James reminded me that the church does have a positive role to play in gun violence. One that goes beyond comforting victims and actually gets to root causes. “Prayers are appreciated, but the best thing we can do is to put pressure on politicians to get real about addressing the root problems. Mental health, common sense gun policies, the pervasive culture of hate and violence, and the deflection of responsibility. As a clergy leader, I am preaching, leading, and encouraging members of my community to take action.”

I love this list because it’s not either/or. It’s not us vs. them. And, it’s not beyond our reach. After all, our baptismal vows call us to resist evil, injustice, and oppression in whatever forms they present themselves, and to be a witness for the gospel of good.


Next Steps

As part of my commitment to take action, I’ll be addressing each of these components in turn through the lens of the church. As we continue to heal ourselves, our congregations, and our communities, I’d like to offer some suggestions for next steps you can take today or in the coming week:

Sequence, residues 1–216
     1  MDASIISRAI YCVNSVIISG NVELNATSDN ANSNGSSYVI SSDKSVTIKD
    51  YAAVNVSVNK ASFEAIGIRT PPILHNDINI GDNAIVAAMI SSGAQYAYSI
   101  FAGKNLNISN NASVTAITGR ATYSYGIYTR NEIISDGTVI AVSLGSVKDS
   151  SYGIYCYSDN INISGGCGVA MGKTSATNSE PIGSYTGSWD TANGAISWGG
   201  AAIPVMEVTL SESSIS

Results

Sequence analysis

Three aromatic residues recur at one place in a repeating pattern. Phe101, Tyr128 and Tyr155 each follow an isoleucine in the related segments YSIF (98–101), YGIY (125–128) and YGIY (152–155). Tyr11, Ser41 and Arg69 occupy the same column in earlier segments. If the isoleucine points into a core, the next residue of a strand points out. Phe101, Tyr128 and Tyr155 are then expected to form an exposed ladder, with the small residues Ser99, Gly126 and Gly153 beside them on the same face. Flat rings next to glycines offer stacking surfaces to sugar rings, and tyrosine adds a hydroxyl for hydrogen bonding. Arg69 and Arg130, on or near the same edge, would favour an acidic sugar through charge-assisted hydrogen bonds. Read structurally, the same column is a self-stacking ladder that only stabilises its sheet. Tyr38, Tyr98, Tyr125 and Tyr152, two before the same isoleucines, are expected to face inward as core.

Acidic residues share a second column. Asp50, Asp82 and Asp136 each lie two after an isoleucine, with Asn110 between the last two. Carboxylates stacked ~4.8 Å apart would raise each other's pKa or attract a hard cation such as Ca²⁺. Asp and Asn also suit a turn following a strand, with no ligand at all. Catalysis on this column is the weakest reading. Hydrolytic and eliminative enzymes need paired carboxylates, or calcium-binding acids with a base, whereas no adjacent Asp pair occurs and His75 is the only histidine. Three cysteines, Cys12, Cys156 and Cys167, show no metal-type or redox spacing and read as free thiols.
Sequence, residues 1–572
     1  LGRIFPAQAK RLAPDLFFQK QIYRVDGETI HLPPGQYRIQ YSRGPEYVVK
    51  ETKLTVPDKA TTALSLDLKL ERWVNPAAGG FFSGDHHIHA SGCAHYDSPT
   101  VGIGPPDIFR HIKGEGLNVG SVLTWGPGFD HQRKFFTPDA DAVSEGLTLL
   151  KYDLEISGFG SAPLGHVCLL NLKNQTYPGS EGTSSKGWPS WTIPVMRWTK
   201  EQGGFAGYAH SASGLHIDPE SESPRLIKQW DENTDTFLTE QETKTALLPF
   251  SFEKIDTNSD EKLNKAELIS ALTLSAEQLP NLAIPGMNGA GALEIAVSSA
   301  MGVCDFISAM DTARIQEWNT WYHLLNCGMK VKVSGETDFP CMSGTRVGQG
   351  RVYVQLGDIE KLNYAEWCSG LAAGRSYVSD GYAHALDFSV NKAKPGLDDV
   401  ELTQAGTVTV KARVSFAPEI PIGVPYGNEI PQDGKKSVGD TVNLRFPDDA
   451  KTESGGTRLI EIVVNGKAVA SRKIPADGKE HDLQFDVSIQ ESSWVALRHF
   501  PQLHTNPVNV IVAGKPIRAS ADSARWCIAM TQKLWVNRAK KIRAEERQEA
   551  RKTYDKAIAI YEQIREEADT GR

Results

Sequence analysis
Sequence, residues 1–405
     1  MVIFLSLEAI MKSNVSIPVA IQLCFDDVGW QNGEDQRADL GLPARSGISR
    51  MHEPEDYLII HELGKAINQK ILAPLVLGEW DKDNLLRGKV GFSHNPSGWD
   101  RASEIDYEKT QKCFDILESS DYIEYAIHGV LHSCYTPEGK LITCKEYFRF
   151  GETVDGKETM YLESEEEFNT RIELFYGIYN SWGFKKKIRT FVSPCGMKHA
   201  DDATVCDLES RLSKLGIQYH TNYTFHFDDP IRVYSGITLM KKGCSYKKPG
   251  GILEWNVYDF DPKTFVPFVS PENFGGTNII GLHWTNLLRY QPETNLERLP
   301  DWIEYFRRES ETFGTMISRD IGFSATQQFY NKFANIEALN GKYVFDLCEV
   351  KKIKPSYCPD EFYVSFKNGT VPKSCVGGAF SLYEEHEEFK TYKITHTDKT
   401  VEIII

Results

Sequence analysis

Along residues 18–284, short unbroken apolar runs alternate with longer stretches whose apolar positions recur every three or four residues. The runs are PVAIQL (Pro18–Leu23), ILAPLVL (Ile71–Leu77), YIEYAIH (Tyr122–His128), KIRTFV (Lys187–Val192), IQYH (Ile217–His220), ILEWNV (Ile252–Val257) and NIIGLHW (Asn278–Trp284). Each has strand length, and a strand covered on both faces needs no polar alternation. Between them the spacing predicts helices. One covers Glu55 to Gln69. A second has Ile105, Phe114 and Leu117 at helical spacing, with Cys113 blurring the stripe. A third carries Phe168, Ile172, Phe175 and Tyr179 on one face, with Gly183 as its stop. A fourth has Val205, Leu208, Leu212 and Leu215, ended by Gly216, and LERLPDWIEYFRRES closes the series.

• Create space for conversation in your ministry setting. Gun violence impacts everybody, and everybody is concerned, no matter what their answers are for how to deal with it.
  • Plan to preach a series on these topics.
  • Tune into my upcoming Leadership Mojo broadcasts on Facebook Live, where I’ll discuss these topics with some special guests.
  • Join me for the next three blogs in this series for a more in-depth look into the four components that need to be addressed to impact gun violence.

I want to leave you with the following thought, which was published in a recent editorial featured in Intermountain Jewish News: